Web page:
I was staying in Rome with my friends Daniel and Renalto (from Costa Rica) and we usually ended up splitting up and meeting back up later in the day just because I liked seeing the stuff by myself. We would usually randomly run into each other anyways. We would see the sites during the day and then get some dinner at the supermarket and go out at night. Rome has two piazzas which are really famous for nightlife where foreigners and locals alike congregate around the fountain and at the various pubs and cafes chatting and having a good time. We ended up meeting some Australian girls going to the same place as us one night and had a great time with them. To make our group more interesting, I would randomly talk to strangers and get them to add on to our party and so we met a lot of people that way. I’ll never forget the three girls that thought I was trying to hit on them though (they weren’t even pretty!) and when I asked where they were from to try to start a conversation so I could introduce them to everyone else (they were blatantly from the US), they said “Rome” in this condescending voice like I was some sort of idiot and walked away. You go girls. You are totally Roman. Sometimes you meet such asses while traveling. So Danny and Renalto left the next day but I ended up staying another two days or so and hung out with Claire, Sarah and Georgina for the next few days. It was a lot of fun and they were really funny girls. So then it was time to head north. I have this thing called the Eurail pass which entitles me to 15 days of travel in two months and so the catch is that you don’t want to waste a whole day’s travel on a short trip. So I hopped on the train and headed for Pisa (you know, with that leaning tower?). On the train, I met two Korean guys and we walked to the tower together. We were able to snap pictures just before it got cloudy and started raining and then pretty much just headed back to the train station the long way so as to see more of the city. The funny thing was when the Korean guys took a picture of the tower. They asked me if I would “picture?” and I said yeah and went to take their camera. But they didn’t want a picture with each other, they each wanted a picture of me with each of them separately in front of the tower. Hah!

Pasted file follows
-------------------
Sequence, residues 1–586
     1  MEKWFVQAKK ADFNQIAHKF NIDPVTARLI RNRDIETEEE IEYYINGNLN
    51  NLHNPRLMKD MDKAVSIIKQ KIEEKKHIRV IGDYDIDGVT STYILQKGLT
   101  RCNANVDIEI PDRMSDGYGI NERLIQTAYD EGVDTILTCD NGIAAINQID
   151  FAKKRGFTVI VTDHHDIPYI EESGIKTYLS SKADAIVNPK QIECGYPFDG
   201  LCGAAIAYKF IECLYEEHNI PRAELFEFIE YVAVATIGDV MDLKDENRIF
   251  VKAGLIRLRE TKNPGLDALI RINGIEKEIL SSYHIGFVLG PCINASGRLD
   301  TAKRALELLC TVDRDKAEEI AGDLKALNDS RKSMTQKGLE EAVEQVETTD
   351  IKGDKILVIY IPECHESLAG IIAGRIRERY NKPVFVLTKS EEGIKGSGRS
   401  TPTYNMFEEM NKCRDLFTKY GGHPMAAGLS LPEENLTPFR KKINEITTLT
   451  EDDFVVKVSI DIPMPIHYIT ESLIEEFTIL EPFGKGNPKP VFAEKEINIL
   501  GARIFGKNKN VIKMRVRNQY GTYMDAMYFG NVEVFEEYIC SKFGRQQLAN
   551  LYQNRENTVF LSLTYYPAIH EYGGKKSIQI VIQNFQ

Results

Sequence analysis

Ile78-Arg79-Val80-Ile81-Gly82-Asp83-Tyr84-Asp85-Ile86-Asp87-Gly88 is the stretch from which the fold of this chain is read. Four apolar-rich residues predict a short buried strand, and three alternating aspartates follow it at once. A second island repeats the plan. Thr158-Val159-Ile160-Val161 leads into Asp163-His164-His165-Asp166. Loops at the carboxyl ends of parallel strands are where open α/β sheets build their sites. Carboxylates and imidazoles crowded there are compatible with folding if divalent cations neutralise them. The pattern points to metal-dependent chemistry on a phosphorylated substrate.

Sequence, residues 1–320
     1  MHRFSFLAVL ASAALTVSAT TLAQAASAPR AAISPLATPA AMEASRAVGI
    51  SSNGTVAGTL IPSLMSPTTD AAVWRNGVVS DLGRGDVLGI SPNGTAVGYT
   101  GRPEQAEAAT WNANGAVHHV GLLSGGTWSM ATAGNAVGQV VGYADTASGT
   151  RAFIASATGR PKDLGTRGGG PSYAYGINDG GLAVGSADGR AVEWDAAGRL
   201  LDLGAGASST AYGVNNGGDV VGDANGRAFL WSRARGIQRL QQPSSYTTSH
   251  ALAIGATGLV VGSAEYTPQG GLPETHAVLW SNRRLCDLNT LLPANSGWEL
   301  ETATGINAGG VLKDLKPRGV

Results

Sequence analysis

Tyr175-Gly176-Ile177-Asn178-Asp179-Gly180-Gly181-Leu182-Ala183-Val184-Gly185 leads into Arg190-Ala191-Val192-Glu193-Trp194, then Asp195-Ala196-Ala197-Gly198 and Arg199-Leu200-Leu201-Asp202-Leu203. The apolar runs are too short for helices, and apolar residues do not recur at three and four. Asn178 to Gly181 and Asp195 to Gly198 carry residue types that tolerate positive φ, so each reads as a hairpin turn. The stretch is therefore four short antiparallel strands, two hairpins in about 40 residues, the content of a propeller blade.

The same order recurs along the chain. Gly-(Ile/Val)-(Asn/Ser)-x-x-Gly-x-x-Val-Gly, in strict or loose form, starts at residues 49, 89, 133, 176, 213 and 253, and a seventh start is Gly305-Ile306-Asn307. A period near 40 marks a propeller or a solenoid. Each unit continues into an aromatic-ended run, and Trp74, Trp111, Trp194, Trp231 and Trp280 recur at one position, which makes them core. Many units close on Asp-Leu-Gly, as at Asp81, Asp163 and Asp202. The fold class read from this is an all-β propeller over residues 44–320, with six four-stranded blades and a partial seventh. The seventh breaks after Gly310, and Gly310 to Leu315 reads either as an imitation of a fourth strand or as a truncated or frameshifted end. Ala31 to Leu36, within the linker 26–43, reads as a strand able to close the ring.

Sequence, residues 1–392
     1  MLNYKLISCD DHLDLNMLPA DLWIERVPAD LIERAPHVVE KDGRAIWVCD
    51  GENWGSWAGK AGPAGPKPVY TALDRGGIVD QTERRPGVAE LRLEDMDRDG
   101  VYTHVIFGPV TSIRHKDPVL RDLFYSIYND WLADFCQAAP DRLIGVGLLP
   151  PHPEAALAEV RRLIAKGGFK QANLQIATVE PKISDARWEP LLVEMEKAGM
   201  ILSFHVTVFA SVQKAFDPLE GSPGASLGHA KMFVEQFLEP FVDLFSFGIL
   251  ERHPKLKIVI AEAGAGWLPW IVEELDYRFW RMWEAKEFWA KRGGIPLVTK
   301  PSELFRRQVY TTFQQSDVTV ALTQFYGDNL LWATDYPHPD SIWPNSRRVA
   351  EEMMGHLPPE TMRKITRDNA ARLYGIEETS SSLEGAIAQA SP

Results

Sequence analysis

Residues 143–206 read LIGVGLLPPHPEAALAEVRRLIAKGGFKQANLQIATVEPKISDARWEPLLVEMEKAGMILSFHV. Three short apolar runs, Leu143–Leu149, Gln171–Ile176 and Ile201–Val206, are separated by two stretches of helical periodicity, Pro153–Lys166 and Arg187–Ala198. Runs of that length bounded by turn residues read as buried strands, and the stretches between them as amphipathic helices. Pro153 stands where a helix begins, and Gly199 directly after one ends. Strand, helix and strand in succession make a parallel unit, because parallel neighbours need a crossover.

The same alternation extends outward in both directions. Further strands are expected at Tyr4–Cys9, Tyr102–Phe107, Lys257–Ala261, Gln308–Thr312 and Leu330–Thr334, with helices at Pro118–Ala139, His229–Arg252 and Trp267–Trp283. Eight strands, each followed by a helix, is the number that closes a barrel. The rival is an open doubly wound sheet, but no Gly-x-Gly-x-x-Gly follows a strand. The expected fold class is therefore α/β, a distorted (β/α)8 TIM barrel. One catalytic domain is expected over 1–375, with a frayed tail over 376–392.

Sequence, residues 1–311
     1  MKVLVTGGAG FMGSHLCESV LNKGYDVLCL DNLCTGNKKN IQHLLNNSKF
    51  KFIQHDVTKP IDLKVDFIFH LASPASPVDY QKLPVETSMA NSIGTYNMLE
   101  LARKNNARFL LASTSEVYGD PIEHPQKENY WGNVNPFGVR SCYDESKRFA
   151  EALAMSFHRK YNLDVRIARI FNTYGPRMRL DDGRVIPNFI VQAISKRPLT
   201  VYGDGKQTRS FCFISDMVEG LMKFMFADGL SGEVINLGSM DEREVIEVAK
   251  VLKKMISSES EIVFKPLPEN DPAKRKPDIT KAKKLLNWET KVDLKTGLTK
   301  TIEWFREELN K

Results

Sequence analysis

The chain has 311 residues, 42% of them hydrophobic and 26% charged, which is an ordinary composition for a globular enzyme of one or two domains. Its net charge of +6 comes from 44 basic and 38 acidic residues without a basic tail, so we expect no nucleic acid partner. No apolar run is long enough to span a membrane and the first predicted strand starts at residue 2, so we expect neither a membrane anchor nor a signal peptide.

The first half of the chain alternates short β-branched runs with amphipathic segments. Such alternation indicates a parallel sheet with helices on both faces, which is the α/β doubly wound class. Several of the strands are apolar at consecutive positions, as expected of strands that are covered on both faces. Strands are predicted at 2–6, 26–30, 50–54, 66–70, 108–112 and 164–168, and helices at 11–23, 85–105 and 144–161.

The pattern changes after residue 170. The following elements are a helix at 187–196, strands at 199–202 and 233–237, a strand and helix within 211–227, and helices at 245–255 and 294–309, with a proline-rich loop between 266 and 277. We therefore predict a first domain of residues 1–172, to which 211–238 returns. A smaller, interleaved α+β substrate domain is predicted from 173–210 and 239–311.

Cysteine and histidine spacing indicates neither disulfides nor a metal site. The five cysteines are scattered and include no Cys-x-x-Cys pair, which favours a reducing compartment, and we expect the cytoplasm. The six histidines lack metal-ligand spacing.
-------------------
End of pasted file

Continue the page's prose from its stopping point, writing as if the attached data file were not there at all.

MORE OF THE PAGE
Once, in this pub in Australia, this girl behind the bar was telling me about how different nationalities always act differently when looking for something. I don’t remember all of what she said, but she said Americans always ask where the thing is before looking and Asians never ask, they just all group together and try to figure out the problem amongst themselves. I say this just to point out that we all really behave differently and one of the funniest things to see while traveling is a bunch of Korean or Chinese girls traveling together. They all dance together and flit around trying to be as girly as possible, giggling to themselves and stuff. It really is a site to see. The guys act pretty normal (by Western standards, that is) and are just more reserved. But I still can’t wrap my mind around the picture taking thing with foreigners.